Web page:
Traditional Punjabi at the Gaylord


This article was also published in the Financial Times.

The silence that normally ensues immediately after dinner guests have been introduced to one another lasted barely a second on this occasion.

Instead, a tall, dark-haired, attractive and, I was soon to learn, highly opinionated Indian woman ensured that the conversation flowed. And she had us all laughing when she set out the differences in timing between the dinner parties she attends in her native Delhi and those in her husband's home town of Copenhagen.

'At home the invitation may say 8 pm but that is when we start drinking. We don't eat before 10.30 pm. But by then, everyone in Copenhagen is tucked up in bed', she explained, roaring with laughter.

I subsequently enquired about her favourite Indian restaurant in London and the response was immediate. 'When I have a particular craving for a few desi foods, we always go to the Gaylord. Many of my more fashionable and/or weight-conscious Indian friends wouldn't agree but I think their food can be 'bilkul' (absolutely) delicious.'

The name Gaylord resonated. It had been their branch in Manchester (now closed) that had introduced me to Indian food and, in turn, to numerous conversations around the table with the tall, swarthy waiters over our mutual hero, the Indian cricketer Farokh Engineer then playing for Lancashire.

The conditions were certainly Mancunian as I stood opposite the Mortimer Street site that has been home to the Gaylord in London since 1966. Heavy rain was falling; the road was full of puddles; and steam was rising across the restaurant's large windows.

Compensation lay, however, in the pungent, dry, distinctive aromas of Indian cooking that are now, after 46 years, very much a part of the Gaylord's particular microclimate. And, as I was soon to learn, this is precisely the right time of the year to indulge in the rich, Punjabi food that the Gaylord specialises in, 'to fatten one up for the cold, winter months ahead', as my Indian friend was to describe it.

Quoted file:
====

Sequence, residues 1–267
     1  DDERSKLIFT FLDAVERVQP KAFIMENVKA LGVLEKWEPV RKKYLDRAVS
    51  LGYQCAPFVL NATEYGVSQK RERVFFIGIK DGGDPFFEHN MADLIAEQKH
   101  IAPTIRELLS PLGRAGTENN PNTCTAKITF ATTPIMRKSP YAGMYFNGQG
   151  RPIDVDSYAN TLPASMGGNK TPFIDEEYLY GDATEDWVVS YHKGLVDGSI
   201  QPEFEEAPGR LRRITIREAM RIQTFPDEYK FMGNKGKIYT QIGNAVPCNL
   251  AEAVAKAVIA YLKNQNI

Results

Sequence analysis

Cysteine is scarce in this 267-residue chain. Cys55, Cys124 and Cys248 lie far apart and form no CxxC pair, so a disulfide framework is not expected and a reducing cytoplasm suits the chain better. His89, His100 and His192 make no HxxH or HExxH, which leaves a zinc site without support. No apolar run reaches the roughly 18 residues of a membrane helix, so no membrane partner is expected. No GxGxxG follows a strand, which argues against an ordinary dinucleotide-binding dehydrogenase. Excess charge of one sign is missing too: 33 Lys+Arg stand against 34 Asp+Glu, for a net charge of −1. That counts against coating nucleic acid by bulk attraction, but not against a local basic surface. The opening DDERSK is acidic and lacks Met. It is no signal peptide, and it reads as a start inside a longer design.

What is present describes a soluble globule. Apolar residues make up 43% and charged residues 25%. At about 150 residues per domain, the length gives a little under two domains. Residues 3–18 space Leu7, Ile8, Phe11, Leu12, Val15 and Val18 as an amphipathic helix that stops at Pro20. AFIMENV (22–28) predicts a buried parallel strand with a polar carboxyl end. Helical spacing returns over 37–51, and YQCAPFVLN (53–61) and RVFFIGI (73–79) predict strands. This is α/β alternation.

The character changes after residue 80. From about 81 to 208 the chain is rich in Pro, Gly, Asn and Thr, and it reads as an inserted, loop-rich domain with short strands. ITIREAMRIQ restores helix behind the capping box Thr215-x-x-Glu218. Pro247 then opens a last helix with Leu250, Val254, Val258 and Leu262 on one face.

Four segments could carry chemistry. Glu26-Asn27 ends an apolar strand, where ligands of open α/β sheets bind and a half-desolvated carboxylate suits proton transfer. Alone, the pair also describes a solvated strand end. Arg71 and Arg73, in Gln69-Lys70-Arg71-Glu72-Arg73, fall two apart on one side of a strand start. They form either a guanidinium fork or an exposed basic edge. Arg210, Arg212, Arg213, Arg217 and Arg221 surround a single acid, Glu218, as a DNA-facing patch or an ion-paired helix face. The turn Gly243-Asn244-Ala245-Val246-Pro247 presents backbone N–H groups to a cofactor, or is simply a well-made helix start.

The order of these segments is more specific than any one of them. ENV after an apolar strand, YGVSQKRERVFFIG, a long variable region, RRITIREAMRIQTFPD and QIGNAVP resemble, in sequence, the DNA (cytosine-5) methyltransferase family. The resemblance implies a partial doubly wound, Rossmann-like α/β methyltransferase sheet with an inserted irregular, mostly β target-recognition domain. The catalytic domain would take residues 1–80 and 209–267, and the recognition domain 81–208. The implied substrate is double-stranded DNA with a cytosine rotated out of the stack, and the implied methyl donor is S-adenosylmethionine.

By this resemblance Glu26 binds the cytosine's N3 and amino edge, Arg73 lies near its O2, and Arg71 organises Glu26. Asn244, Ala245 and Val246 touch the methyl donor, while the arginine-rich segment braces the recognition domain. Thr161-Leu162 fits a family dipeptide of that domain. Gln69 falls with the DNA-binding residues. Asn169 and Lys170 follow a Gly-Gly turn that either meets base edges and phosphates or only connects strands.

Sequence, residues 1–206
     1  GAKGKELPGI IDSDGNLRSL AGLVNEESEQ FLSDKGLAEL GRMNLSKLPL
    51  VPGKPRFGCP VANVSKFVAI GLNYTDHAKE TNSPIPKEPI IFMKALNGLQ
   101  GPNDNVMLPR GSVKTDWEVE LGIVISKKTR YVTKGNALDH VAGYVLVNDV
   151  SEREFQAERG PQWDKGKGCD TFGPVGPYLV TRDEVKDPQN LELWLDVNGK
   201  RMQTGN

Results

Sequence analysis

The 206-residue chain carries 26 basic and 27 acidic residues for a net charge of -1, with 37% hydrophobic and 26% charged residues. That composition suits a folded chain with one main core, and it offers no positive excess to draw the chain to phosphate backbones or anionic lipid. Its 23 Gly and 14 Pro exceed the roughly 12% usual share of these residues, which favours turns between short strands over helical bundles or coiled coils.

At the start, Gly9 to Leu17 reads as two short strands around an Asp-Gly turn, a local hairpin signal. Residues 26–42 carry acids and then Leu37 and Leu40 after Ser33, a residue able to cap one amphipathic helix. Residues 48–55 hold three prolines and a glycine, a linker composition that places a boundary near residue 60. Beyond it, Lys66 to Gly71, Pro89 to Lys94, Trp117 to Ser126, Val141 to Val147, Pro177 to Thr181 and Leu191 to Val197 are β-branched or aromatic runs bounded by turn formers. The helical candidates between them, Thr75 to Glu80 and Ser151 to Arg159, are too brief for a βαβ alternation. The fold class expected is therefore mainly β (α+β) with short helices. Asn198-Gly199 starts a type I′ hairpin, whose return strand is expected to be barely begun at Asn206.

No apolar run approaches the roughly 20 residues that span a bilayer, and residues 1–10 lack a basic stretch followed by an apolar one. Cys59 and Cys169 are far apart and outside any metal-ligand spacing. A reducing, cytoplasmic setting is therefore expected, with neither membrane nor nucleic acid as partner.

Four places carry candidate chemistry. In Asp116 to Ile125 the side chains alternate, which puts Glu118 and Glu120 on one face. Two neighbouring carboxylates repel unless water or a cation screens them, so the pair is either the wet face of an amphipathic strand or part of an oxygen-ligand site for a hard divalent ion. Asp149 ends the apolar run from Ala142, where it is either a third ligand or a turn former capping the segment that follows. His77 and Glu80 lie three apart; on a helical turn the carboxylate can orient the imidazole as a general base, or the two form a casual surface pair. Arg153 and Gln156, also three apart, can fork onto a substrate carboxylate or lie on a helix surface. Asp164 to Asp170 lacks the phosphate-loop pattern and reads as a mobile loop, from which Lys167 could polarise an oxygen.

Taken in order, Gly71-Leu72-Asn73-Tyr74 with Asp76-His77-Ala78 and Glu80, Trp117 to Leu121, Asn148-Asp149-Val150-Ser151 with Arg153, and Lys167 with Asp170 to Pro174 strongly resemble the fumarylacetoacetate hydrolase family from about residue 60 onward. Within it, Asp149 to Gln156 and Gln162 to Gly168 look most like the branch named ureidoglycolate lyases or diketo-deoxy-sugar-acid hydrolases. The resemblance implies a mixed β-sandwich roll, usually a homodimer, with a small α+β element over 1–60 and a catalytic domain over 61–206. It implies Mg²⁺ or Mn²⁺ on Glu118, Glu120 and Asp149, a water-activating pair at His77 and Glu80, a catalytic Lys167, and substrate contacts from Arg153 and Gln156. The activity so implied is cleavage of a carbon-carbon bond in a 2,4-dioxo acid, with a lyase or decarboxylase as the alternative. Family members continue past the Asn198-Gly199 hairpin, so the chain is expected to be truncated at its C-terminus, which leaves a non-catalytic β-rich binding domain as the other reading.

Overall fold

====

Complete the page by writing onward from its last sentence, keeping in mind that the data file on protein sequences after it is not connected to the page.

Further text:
As I walked in, I began to experience another particular aspect of life in an Indian restaurant. Nobody rushed to greet me. Once I had sat down nobody rushed over with a wine list or menu. The drinks we ordered did not arrive all that promptly and, once we had all been seated, handed menus and had time to look at them, the Gaylord's portly general manager, Sameer Berry, stood very patiently by our table, with an air of polite disinterest on his face. He displayed no urgency at all in taking our order.

Noticing my disquiet, our Indian friend explained with a smile, 'The waiting staff here know that we Indians are going to take so much time discussing what we are going to eat that there is absolutely no point in trying to rush us. There is, I reckon, more debate among Indians about their food than even among gourmets at a top French restaurant.'

While she quizzed Berry in Hindi about a couple of dishes, I sat back on the banquette and watched another ritual of everyday life in an Indian restaurant as several men walked in for their takeaway or, to use the colloquial Indian phrase, 'make a pack'.

My thoughts about how much this aspect must contribute to any Indian restaurant's profitability were interrupted by a brisk summary of the conversation with Berry. While she, as a Hindu, had ordered only vegetarian dishes – 'what I would order if I was here with my friends from Delhi', she explained – her Danish husband had added a few meaty ones.

In authentic Indian style, we were skipping the first courses, too heavy for the main courses I was told, and we would all share the main courses at the same time. And, because we had ordered so much, Berry wanted us to move to a larger, round table with a 'lazy Susan' in the middle.

Just before the food arrived, I was introduced to two other aspects of Indian hospitality. The first, and more general, came via the phrase 'your guest comes as a god'. The second, and more specific, came via the order for saffron mutter pulao, ie basmati rice with cumin seeds, peas and saffron. 'My mother told me never to serve plain rice to guests', she recalled. 'It's not special enough and your self respect comes from how you treat your guests.'

The food arrived promptly and in a panoply of colours. There was the dark brown of the dal bukhara, black lentils that had been cooked with lots of butter and finished with cream which we mopped up with bhatura, soft, unleavened bread that puffs up like a pillow. There was my introduction to channa peshwari, spicy chick peas, and crisp bhindi, a plate of darkgreen diced okra, as well as roomali roti, the thin bread cooked on the outside of the griddle and then folded so that it takes the name of 'handkerchief bread'. My Indian friend enhanced the inherent spiciness of all these dishes by nibbling from a side plate of grilled green chilis.

With keema matar (minced lamb and coriander), excellent renditions of paneer (cubes of fresh cheese cooked in the tandoor), rogan josh (a hot lamb curry), kulfi and rasmalai, the very sweet Indian desserts, and two bottles of Weingut Balthasar Ress, Hattenheimer Schutzenhaus Riesling Kabinett 2011, my bill for four came to £220.

Gaylord Restaurant  79–81 Mortimer Street, London W1W 7SJ0; tel 020 7636 0808